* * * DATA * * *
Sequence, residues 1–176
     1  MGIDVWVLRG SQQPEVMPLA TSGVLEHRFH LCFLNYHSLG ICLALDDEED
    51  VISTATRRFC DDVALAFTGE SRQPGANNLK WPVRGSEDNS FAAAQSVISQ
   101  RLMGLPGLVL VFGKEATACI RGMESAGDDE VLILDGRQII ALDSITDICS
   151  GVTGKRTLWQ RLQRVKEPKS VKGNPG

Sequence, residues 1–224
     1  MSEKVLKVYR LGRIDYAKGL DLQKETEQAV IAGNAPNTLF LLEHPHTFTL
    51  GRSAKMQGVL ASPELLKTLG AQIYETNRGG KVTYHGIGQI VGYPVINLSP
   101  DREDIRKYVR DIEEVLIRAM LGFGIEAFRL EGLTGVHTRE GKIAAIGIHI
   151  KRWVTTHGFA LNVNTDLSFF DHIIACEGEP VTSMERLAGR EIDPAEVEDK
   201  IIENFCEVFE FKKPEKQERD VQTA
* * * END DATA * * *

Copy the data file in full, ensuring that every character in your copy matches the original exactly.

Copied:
Sequence, residues 1–176
     1  MGIDVWVLRG SQQPEVMPLA TSGVLEHRFH LCFLNYHSLG ICLALDDEED
    51  VISTATRRFC DDVALAFTGE SRQPGANNLK WPVRGSEDNS FAAAQSVISQ
   101  RLMGLPGLVL VFGKEATACI RGMESAGDDE VLILDGRQII ALDSITDICS
   151  GVTGKRTLWQ RLQRVKEPKS VKGNPG

Sequence, residues 1–224
     1  MSEKVLKVYR LGRIDYAKGL DLQKETEQAV IAGNAPNTLF LLEHPHTFTL
    51  GRSAKMQGVL ASPELLKTLG AQIYETNRGG KVTYHGIGQI VGYPVINLSP
   101  DREDIRKYVR DIEEVLIRAM LGFGIEAFRL EGLTGVHTRE GKIAAIGIHI
   151  KRWVTTHGFA LNVNTDLSFF DHIIACEGEP VTSMERLAGR EIDPAEVEDK
   201  IIENFCEVFE FKKPEKQERD VQTA